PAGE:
He also worked as a Baghdad reporter for Agence France-Presse and for The Story, with Dick Gordon for WUNC North Carolina Public Radio and American Public Media. But it soon became dangerous.
He was accused by some Iraqis of being a “blood traitor,” or someone who reports on the news to sell it for a profit, literally exchanging blood for a paycheck. But he said he can’t let accusations like these bother him because there is so much at stake and more than just people lost within the conflict. “As long as you’re doing your job then it’s not important,” he said.
His family started receiving death threats because he worked in the media. His wife and two children moved to Syria, where they would be safer, and Fadaam secured a temporary visa to visit the U.S. and work. Fadaam was hired as a newsroom supervisor in the Baghdad Bureau at the New York Times. He worked in New York for a short time after moving to America earlier this year, and is now spending time in North Carolina, working and visiting universities to talk with journalism and art students.
He is spending several weeks at Elon, where he is creating a sculpture to thank the university for hosting him and allowing him to speak in classes. Tom Arcaro, professor of sociology at Elon, arranged Fadaam’s visit and found a nearby space for him to work. The sculpture represents the plight of most women in the Middle East as they struggle to escape the tyranny expressed against them by their culture. Fadaam said he has enjoyed getting his hands into clay and creating again, as he works on this project, but his mind is never far removed from thoughts of his family in Syria and his people in Iraq.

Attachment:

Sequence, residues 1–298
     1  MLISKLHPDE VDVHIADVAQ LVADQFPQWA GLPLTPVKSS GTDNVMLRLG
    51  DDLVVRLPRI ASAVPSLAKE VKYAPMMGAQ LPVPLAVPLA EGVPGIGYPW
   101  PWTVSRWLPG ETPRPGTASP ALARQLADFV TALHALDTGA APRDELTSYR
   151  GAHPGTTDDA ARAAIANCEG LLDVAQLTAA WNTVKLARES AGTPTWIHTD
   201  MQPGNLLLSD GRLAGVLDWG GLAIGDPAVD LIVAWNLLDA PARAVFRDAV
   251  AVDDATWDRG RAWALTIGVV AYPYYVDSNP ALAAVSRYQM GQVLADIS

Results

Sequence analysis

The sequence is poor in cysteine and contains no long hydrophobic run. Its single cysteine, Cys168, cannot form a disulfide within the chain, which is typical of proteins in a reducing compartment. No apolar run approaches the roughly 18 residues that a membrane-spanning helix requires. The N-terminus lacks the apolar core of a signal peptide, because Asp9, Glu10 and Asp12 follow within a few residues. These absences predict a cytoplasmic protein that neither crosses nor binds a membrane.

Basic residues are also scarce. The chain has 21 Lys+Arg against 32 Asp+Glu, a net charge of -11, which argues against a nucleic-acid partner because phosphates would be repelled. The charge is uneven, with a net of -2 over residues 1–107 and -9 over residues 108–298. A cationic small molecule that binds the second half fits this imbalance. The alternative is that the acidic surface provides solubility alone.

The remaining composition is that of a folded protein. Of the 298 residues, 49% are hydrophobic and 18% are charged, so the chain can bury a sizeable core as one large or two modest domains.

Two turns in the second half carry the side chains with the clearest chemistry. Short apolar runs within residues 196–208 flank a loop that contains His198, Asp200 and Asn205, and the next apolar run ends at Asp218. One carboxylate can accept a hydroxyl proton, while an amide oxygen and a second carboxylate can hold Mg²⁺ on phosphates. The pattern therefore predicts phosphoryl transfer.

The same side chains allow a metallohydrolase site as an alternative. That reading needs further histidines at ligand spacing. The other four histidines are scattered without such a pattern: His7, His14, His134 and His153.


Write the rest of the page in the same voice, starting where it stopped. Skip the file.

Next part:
He said the war has “destroyed” Iraq. Access to basic human needs such as power and water are far worse than at the time of Saddam. The Iraqi Museum, which contained important relics reflecting more than 5,000 years of human history, was decimated. “It’s a loss for all humanity,” he said. “Not just Iraq.”
He blames the lack of direct contact between Americans and Iraqis as the reason the wounds that have been created seem impossible to heal. He said while most Iraqis want Americans to leave, they also want it to be accomplished the right way. “[The Americans] started something; they should finish it,” he said. “They broke something, they should fix it.”
Fadaam pushes for an open channel that will establish a forum for each society to talk to each other, away from government interferences, people to people, individual to individual. But this would require the Americans taking the time to get to know Iraqi culture first-hand and the Iraqis taking the time to get to know the true American culture first-hand.
“How can we understand life if we know nothing about each other’s cultures?” he said. “If you don’t understand how they think, how can you deal with them?” He urged the students to learn more about how Iraqis think, live life and face their current problems.
“If you feel the pain you can talk about the wound,” Fadaam said. “Break this bond. We’re all human; we just speak different languages, that’s all.”
Watch below to see Fadaam talk about how he got involved in journalism: